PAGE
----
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Posted October 27, 2016 by

Health care hiring experts reveal keys to success: What you need in an analytics and data career

Female hospital administrator working at a modern medical center

Photo courtesy of Shutterstock.

Analytics, big data, data mining, and data science. Those are not just buzz words, but job titles for some of the hottest jobs of the future. And actually, the present. Especially in health care careers, where professionals throughout the world are using a variety of analytics and data to help cure diseases and solve business problems.

How so?

The Walter Reed Army Medical Center in Washington, D.C. used data mining to model patient populations and define chronic disease groups, which ended up improving their ability to help diabetic patients manage and reduce complications of their disease. Health care providers are using predictive analytics to find factors associated with high-cost patients. They can detect insurance fraud and even forecast medical outcomes. Analytics and data continually make more impact in health care. And so do the job opportunities. But for recent college grads, understanding the job titles and career paths of analytics and big data careers can be confusing.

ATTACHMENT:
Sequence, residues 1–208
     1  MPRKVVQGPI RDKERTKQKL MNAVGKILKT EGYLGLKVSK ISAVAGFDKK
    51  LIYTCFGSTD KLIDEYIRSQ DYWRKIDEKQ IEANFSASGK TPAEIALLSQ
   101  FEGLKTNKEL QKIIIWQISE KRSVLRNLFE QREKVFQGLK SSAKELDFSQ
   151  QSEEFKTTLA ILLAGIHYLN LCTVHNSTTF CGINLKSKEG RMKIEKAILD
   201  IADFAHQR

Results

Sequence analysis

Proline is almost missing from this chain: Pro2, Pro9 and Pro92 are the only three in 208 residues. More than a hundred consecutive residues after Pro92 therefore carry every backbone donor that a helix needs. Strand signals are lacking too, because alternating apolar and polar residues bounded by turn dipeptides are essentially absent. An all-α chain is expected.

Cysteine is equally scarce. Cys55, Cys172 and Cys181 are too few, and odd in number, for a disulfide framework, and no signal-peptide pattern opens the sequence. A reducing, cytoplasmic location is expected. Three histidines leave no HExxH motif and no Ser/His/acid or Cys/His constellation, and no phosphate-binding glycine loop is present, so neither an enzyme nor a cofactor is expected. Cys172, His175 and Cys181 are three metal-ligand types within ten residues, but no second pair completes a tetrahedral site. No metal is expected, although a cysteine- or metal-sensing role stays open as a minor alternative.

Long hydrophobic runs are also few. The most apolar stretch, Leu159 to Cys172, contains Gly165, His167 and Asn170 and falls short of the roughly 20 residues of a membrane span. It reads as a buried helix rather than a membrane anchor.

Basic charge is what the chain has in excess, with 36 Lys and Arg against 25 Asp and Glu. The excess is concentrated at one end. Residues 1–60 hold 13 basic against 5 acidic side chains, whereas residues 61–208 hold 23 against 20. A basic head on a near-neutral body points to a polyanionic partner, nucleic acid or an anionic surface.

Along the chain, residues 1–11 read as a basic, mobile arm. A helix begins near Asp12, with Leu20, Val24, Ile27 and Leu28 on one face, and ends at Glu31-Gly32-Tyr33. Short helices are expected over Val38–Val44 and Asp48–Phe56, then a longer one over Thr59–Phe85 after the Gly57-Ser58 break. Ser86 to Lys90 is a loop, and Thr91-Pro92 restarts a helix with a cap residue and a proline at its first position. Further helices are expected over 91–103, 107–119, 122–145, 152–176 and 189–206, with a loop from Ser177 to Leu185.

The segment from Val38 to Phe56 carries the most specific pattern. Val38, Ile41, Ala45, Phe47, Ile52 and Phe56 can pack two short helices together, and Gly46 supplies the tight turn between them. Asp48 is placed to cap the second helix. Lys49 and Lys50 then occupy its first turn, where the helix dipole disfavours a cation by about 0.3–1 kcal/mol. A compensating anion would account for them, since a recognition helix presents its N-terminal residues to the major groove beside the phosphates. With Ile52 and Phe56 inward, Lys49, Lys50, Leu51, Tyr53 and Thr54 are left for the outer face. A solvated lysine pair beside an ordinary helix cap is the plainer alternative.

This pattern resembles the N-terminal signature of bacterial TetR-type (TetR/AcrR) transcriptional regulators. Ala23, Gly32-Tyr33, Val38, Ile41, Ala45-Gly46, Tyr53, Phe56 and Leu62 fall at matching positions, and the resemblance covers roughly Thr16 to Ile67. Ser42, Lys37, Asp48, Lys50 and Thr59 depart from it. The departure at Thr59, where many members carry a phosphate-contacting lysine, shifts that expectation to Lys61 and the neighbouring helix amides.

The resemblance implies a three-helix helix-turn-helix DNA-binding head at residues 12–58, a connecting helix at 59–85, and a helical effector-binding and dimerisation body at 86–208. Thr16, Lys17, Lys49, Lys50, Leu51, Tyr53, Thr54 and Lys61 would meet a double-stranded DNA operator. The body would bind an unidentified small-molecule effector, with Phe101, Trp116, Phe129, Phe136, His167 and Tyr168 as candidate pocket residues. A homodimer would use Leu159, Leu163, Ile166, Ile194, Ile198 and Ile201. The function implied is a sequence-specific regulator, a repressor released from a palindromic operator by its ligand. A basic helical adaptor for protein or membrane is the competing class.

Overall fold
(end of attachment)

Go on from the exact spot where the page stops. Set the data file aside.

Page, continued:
“The good news is that opportunity is abundant,” says Kevin Purcell, Ph.D., a Professor in the analytics program at Harrisburg University of Science and Technology in Harrisburg, PA. “As with any new field, sometimes deciphering job titles is the first hurdle.”

Purcell breaks down these potential job titles and what the job entails:

  • Data analysts: Responsible for gleaning information from data using various software packages and their knowledge of SQL on databases. This is often combined with intermediate level statistics.
  • Data scientists: Responsible for gleaning information from data, but at a larger scale and also often tasked with more open questions. The skill also demands more advanced statistical knowledge such as machine learning as well as programming skills to better manipulate data to his or her own will.
  • Data engineers: Typically software engineers that focus on building robust data pipelines that clean, transform and aggregate messy and unorganized data into usable data sources.